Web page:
S5:E6 Fly Fishing Trips – Planning vs. Flexibility

Fly fishing trips are not easy to plan well, especially if you are heading to a new place. Two factors unravel the best laid plans: weather and whether there is a bite on. Through the years, we’ve had to fight against the tyranny of Steve’s hyper-planning and the chaos of Dave’s “Let’s just see what happens.” In this episode, we discuss the importance of creating a plan for the fly fishing trip that includes space for flexibility.


The Fly Fisher’s Book of Lists – The Perfect Book for a New Fly Fisher

This book is a must-read for folks who like to scan lists and discover helpful hacks and tips.

Fly fishing is a wisdom sport. The more you fish, the more you accumulate tips and ideas and hacks – that make you more proficient and increase your enjoyment of the sport.

This book is just that – lists of wisdom that we’ve accumulated through the years. It has come from guides, fly fisher friends, from our reading, and from watching videos.

This book is like a plate of hors d’oeuvres. You simply can’t have one. Read one list, and you’ll read the next. Visit Amazon to buy your copy today!


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One Reply to “S5:E6 Fly Fishing Trips – Planning vs. Flexibility”

  1. Hi. My name is Steve and I am a plan-oholic. Yes, I am cursed with an addiction to planning — in a hobby that demands flexibility and constant improvisation.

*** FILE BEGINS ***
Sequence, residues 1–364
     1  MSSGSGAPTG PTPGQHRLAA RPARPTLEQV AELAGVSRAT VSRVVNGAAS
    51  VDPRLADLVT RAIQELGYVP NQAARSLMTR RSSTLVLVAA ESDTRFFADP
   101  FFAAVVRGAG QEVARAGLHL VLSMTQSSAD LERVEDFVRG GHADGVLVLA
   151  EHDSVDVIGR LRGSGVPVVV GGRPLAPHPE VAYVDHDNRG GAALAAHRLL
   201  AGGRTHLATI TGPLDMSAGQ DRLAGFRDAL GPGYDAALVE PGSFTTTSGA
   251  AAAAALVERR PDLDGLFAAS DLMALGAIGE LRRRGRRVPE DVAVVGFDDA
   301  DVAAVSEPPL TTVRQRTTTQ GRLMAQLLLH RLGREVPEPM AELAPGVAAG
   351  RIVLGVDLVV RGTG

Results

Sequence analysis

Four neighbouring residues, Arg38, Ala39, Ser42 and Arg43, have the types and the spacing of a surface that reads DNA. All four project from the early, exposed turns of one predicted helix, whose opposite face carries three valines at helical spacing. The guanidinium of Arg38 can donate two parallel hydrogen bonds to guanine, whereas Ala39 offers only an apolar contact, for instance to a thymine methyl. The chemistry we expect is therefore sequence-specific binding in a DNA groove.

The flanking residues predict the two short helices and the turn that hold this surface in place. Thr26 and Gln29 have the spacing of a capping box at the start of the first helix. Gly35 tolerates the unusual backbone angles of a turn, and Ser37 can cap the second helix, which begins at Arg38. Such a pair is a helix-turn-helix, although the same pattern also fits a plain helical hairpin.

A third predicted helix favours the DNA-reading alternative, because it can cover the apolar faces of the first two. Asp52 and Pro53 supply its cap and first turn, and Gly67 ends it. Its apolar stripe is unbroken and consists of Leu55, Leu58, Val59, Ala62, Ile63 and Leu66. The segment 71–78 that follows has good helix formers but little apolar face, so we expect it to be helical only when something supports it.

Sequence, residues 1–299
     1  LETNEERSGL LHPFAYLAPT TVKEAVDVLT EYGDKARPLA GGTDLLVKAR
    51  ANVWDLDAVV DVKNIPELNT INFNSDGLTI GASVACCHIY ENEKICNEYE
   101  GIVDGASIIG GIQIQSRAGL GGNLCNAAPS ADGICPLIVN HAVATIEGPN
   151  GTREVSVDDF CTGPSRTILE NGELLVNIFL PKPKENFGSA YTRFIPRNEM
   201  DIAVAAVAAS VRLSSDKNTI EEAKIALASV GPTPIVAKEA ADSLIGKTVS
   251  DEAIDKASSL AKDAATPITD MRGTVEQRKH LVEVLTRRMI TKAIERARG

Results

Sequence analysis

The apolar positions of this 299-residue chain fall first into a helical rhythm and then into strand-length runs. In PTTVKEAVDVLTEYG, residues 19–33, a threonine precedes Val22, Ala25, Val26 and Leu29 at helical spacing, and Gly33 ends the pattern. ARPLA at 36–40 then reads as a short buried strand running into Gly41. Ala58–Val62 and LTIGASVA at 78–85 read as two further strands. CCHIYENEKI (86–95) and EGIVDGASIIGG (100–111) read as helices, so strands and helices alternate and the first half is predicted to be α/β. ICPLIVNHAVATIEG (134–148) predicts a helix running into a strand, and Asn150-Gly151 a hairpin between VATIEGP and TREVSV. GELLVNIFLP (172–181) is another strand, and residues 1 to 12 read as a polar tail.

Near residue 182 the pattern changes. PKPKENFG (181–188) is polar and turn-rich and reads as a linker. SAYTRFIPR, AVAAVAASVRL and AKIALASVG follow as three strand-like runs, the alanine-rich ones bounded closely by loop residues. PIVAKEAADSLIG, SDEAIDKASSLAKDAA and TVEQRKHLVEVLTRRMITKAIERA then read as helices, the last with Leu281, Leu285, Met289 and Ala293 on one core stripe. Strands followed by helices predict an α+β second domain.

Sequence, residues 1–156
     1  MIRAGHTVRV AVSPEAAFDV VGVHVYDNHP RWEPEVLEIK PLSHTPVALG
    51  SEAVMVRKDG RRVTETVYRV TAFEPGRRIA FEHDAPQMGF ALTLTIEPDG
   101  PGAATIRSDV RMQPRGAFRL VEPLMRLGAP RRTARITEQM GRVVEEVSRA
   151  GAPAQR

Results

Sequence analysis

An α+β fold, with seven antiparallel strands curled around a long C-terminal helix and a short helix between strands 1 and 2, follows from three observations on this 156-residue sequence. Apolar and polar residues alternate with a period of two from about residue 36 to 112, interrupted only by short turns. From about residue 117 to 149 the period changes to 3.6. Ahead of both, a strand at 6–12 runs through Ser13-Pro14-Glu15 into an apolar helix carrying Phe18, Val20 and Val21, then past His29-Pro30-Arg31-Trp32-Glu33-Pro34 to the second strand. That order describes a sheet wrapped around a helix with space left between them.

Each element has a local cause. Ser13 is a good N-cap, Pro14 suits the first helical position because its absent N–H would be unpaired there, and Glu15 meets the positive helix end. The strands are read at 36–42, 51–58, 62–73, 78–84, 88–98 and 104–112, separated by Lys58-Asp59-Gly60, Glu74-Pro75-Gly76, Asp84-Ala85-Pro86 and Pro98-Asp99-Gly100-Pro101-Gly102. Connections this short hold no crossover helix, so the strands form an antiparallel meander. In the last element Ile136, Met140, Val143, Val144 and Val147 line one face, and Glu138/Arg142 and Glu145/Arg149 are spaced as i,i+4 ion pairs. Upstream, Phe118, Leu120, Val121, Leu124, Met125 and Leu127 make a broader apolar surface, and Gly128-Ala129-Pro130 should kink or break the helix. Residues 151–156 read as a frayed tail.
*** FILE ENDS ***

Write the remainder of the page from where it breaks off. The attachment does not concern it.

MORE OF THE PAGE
Your advice for obsessive planners is spot on. Having a plan B lets one adjust to streamside realities while still maintaining some sense of order. I have found another thing that is helpful in learning to live with this affliction: On trips I like to stay somewhere that has numerous water options. I make a written list of the various fishing options; essentially a menu of locations. Then if plans A and B don’t look so good, I just go back to my menu and select another option.

    In terms of base locations, one favorite is Mammoth Hot Springs in Yellowstone Park, which had an incredible number of rivers of various sizes within an hour’s drive. The other favorite is Philipsburg, Montana. It is known for proximity to Rock Creek, but it also is an easy drive to the Blackfoot River, the Little Blackfoot, Clark Fork, and several un-crowded small creeks. Doing research to develop the “menu” is a fun planning activity for cold January evenings.

    So, on a fishing trip, a little spontaneity is OK – as long as you plan it ahead of time.
    Love the podcast.
    Steve in Indiana

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